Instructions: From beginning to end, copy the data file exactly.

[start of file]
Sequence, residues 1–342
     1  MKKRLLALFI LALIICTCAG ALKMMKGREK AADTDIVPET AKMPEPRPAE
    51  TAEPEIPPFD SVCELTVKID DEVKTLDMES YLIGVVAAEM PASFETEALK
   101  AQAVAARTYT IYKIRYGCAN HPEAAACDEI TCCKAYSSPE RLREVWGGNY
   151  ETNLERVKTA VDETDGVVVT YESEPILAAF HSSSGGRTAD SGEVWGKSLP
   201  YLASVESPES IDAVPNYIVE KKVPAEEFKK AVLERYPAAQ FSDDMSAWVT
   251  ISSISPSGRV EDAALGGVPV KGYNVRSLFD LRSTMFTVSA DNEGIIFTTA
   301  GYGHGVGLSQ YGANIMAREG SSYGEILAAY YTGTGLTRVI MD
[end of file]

Sequence, residues 1–342
     1  MKKRLLALFI LALIICTCAG ALKMMKGREK AADTDIVPET AKMPEPRPAE
    51  TAEPEIPPFD SVCELTVKID DEVKTLDMES YLIGVVAAEM PASFETEALK
   101  AQAVAARTYT IYKIRYGCAN HPEAAACDEI TCCKAYSSPE RLREVWGGNY
   151  ETNLERVKTA VDETDGVVVT YESEPILAAF HSSSGGRTAD SGEVWGKSLP
   201  YLASVESPES IDAVPNYIVE KKVPAEEFKK AVLERYPAAQ FSDDMSAWVT
   251  ISSISPSGRV EDAALGGVPV KGYNVRSLFD LRSTMFTVSA DNEGIIFTTA
   301  GYGHGVGLSQ YGANIMAREG SSYGEILAAY YTGTGLTRVI MD